2.1 Funders/Granting Agencies/Policy Makers
Many funders and policy makers have acknowledged the issue of irreproducibility and are developing new guidelines and initiatives to support the generation of data that are robust and reproducible. This section highlights guidelines, policies, and resources directly related to this issue in preclinical research by the major international granting institutions and is not intended to be an exhaustive review of all available guidelines, policies, and resources. Instead, the organizations reviewed represent a cross-section of many of the top funding organizations and publishers in granting volume and visibility. Included also is a network focused specifically on robustness, reproducibility, translatability, and reporting transparency of preclinical data with membership spanning across academia, industry, and publishing. Requirements pertaining to clinical research are included when guidance documents are also used for preclinical research. The funders, granting agencies, and policy makers surveyed included:
National Institutes of Health (NIH) (Collins and Tabak 2014; LI-COR 2018; Krester et al. 2017; NIH 2015, 2018a, b)
Medical Research Council (MRC) (Medical Research Council 2012a, b, 2016a, b, 2019a, b, c)
The World Health Organization (WHO) (World Health Organization 2006, 2010a, b, 2019)
Wellcome Trust (Wellcome Trust 2015, 2016a, b, 2018a, b, 2019a, b; The Academy of Medical Sciences 2015, 2016a, b; Universities UK 2012)
Canadian Institute of Health Research (CIHR) (Canadian Institutes of Health Research 2017a, b)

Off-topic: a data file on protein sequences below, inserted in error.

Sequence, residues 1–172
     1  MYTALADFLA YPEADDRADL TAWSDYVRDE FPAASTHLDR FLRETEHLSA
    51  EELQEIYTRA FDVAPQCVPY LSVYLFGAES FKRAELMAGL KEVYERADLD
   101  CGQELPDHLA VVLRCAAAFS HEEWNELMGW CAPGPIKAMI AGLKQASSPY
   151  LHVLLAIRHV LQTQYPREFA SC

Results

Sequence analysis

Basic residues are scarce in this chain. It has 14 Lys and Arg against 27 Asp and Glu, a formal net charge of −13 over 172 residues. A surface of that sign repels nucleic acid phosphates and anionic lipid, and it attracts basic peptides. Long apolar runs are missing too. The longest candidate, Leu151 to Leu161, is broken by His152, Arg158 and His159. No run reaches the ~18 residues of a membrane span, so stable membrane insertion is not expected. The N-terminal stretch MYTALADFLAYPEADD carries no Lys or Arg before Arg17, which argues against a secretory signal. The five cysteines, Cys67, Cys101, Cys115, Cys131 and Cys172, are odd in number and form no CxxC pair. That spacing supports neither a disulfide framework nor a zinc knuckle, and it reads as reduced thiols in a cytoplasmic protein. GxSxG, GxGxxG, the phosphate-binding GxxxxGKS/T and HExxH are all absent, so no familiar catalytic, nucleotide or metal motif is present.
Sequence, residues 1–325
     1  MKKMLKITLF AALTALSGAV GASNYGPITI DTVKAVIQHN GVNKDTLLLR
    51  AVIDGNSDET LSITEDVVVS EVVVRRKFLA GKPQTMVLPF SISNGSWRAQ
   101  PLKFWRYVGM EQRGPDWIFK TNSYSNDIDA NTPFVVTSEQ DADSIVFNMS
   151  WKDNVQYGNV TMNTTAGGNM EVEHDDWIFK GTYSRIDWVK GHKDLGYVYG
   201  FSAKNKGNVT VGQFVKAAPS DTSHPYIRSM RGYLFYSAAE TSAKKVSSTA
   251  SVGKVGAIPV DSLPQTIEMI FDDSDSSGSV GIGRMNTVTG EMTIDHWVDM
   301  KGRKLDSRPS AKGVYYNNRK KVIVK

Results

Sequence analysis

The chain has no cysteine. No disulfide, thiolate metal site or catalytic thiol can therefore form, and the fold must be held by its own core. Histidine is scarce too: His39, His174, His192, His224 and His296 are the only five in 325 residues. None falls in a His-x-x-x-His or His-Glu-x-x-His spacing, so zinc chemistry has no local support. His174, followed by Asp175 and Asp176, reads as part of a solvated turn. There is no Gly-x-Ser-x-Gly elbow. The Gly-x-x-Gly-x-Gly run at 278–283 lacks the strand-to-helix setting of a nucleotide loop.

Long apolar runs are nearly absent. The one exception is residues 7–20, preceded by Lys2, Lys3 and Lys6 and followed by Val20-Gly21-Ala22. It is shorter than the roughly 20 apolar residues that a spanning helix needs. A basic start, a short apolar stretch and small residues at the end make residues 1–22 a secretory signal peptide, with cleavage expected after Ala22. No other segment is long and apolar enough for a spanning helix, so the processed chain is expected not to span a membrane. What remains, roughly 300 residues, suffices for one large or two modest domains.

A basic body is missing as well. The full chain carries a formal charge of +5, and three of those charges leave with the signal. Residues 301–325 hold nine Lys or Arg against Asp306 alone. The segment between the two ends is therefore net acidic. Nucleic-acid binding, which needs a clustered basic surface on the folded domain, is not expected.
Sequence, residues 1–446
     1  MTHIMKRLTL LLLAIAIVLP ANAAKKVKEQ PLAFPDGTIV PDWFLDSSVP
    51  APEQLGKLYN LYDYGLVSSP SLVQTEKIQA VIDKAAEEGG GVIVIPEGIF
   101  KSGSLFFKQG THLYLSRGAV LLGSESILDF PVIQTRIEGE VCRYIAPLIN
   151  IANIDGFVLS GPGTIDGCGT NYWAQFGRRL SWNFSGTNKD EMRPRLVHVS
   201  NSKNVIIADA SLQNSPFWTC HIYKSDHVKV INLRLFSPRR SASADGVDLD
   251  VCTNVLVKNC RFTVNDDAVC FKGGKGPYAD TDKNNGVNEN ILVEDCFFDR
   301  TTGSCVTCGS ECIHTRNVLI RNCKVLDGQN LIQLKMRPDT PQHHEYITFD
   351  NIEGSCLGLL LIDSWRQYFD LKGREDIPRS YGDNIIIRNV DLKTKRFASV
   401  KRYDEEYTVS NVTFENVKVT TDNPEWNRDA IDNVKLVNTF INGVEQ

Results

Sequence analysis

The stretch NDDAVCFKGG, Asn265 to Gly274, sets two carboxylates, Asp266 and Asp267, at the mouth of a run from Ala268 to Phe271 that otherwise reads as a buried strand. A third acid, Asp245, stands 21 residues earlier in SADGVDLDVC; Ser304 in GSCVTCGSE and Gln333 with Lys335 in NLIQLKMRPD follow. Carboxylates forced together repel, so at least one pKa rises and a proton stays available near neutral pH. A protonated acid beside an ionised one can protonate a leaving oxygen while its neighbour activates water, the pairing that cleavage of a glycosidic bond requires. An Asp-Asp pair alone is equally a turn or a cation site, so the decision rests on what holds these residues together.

Deutsche Forschungsgemeinschaft (DFG)/German Research Foundation (Deutsche Forschungsgemeinschaft 2015, 2017a, b)
European Commission (EC) (European Commission 2018a, b; Orion Open Science 2019)
Institut National de la Santé et de la Recherche Médicale (INSERM) (French Institute of Health and Medical Research 2017; Brizzi and Dupre 2017)
US Department of Defense (DoD) (Department of Defense 2017a, b; National Institutes of Health Center for Information Technology 2019)
Cancer Research UK (CRUK) (Cancer Research UK 2018a, b, c)
National Health and Medical Research Council (NHMRC) (National Health and Medical Research Council 2018a, b, 2019; Boon and Leves 2015)
Center for Open Science (COS) (Open Science Foundation 2019a, b, c, d; Aalbersberg 2017)
Howard Hughes Medical Institute (HHMI) (ASAPbio 2018)
Bill & Melinda Gates Foundation (Gates Open Research 2019a, b, c, d, e)
Innovative Medicines Initiative (IMI) (Innovative Medicines Initiative 2017, 2018; Community Research and Development Information Service 2017; European Commission 2017)
Preclinical Data Forum Network (European College of Neuropsychopharmacology 2019a, b, c, d)
2.2 Publishers/Journal Groups
Journal publishers and groups have been revising author instructions and publication policies and guidelines, with an emphasis on detailed reporting of study design, replicates, statistical analyses, reagent identification, and validation. Such revisions are expected to encourage researchers to publish robust and reproducible data (National Institutes of Health 2017). Those publishers and groups considered in the analysis were:
NIH Publication Guidelines Endorsed by Journal Groups (Open Science Foundation 2019d)
Transparency and Openness Promotion (TOP) Guidelines for Journals (Open Science Foundation 2019d; Nature 2013)
Nature Journal (Nature 2017, 2019; Pattinson 2012)
PLOS ONE Journal (The Science Exchange Network 2019a, b; Fulmer 2012; Baker 2012; Powers 2019; PLOS ONE 2017a, b, 2019a, b, c; Bloom et al. 2014; Denker et al. 2017; Denker 2016)
Journal of Cell Biology (JCB) (Yamada and Hall 2015)
Elsevier (Cousijn and Fennell 2017; Elsevier 2018, 2019a, b, c, d, e, f, g; Scholarly Link eXchange 2019; Australian National Data Service 2018)
2.3 Summary of Overarching Themes
Guidelines implemented by funding bodies and publishers/journals to attain data reproducibility can take on many forms. Many agencies prefer to frame their guidelines as recommendations in order to accommodate scientific freedom, creativity, and innovation. Therefore, typical guidelines that support good research practices differ from principles set forth by good laboratory practices, which are based on a more formal framework and tend to be more prescriptive.